So I don’t really see container queries competing with, say, grid layout (any more than grid layout is competing with flexbox), but rather one more tool that would be really useful to have in our arsenal.

Plainness and Sweetness – Frank Chimero

I adore the thoughtfulness and lack of ego that Frank presents here. I hope that every designer reads this and thinks upon it.

Patterns Beyond Context · Matthias Ott – User Experience Designer

If we describe patterns also in terms of content, context, and contrast, we are able to define more precisely what a specific pattern is all about, what its role within a design system is, and how it is defined and shaped by its environment.

Movies with Mikey

I know it’s just a landing page for YouTube channel of movie reviews but I really like the art direction and responsiveness of this.

The Road To Resilient Web Design – Smashing Magazine

Chapter 3 of Resilient Web Design, republished in Smashing Magazine:

In the world of web design, we tend to become preoccupied with the here and now. In “Resilient Web Design“, Jeremy Keith emphasizes the importance of learning from the past in order to better prepare ourselves for the future. So, perhaps we should stop and think more beyond our present moment? The following is an excerpt from Jeremy’s web book.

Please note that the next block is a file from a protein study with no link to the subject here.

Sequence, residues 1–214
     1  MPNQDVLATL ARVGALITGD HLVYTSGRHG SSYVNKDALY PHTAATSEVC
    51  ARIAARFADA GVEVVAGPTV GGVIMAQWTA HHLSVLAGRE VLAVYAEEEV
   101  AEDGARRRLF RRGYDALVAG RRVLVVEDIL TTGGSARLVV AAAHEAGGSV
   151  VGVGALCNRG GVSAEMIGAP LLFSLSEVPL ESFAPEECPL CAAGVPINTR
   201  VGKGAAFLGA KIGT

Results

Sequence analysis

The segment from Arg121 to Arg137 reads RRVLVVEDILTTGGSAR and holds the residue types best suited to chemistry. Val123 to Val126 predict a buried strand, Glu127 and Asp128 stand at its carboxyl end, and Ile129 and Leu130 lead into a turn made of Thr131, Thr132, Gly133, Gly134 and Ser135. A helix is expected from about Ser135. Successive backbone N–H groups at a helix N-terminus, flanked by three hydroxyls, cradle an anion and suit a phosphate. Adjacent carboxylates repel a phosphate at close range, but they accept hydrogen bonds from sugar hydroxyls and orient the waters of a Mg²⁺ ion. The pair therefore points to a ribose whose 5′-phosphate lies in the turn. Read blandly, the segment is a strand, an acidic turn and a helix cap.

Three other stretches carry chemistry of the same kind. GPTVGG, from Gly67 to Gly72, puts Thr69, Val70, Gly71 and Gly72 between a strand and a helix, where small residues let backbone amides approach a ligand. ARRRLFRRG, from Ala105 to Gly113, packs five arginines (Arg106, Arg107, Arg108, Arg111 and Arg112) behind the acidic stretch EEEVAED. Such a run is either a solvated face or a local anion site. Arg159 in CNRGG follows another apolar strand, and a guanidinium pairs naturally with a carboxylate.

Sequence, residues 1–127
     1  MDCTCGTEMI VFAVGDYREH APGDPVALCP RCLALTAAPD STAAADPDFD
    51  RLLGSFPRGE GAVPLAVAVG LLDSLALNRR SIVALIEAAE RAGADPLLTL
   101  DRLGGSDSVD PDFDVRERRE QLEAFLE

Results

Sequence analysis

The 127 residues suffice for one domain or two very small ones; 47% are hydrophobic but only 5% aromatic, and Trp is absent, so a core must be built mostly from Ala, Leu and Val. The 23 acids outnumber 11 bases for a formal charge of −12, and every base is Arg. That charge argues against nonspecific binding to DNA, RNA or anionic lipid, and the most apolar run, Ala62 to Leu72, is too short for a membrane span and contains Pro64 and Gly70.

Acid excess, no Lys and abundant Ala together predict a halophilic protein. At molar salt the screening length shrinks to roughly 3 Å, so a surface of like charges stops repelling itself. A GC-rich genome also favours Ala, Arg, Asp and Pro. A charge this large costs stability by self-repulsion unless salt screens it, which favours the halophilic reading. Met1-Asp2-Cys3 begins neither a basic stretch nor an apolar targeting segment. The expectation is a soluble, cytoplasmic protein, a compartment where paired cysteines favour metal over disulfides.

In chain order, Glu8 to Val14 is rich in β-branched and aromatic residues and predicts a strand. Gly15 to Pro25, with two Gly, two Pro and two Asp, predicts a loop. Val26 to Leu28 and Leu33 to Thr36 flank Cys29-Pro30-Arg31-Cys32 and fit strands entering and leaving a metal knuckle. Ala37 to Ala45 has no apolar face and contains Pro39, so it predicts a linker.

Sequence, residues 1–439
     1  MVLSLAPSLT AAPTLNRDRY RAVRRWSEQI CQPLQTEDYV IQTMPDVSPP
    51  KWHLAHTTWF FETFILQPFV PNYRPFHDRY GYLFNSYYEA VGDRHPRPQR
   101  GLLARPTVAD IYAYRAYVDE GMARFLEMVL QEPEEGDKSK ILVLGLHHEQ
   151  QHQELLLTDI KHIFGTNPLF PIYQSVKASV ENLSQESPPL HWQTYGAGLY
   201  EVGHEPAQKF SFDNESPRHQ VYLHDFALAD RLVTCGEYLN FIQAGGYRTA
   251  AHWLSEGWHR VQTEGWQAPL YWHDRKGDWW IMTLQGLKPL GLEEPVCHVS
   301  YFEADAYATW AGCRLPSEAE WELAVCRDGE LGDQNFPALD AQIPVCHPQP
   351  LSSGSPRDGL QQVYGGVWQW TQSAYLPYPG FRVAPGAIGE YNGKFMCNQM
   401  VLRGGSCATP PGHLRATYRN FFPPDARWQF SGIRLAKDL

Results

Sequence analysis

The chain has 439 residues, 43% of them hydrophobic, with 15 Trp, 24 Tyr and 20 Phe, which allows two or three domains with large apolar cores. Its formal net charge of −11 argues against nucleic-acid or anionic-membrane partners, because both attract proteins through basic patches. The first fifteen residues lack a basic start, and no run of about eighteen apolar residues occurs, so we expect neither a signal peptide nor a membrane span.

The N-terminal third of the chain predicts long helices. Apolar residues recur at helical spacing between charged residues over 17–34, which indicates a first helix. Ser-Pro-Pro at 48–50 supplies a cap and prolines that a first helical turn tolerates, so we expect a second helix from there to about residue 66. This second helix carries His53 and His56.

It’s Nice That | A new national identity: Smörgåsbord Studio rebrands Wales

Smörgåsbord Studio created a design system for the Welsh government, including the typeface Cymru Wales Sans from Colophon.

The accompanying video lists the design principles:

  • Elevate our status
  • Surprise & inspire
  • Change perceptions
  • Do good things
  • Be unmistakably Wales

sketch-to-fractal-comp on Vimeo

Everyone in the Fractal Slack channel is currently freaking out about this. Veeeeery iiiiinteresting!

Inclusive Components

A great new site from Heydon:

A blog trying to be a pattern library. Each post explores the design of a robust, accessible interface component.

The first component is a deep dive into toggle buttons.

Untitled Sans & Serif Design Information · Klim Type Foundry

Two new typefaces, designed to be deliberately lacking in expression.

The write-up of the making of the typefaces is as open and honest as the finished output. This insight into the design process rings very, very true:

Post rationalisation is an open secret in the design industry. Only when a project is finished can it be written up, the messy process is delineated and everything seems to follow a logical sequence up until the final thing is unveiled, spotless and perfect.

However, I suspect the process is largely irrational for most designers. There is a point where all the input has been processed, all the shit drawings, tenuous concepts and small ideas have been thrown away and you just work towards the finish, too exhausted and distracted to even know if it’s worth anything or not. And, if you’re lucky, someone or something will come along and validate the work.

Designing Systems, Part 3: Components and Composition / Paul Robert Lloyd

Paul finishes up his excellent three part series by getting down to the brass tacks of designing and building components on the web …and in cities. His closing provocation has echoes of Heydon’s rallying cry.

If you missed the other parts of this series, they are:

  1. Theory, Practice, and the Unfortunate In-between,
  2. Layers of Longevity, and
  3. Components and Composition

Better Web Typography for a Better Web

A free ten part email course on web typography for designers and developers. The end results will be gathered together into a book.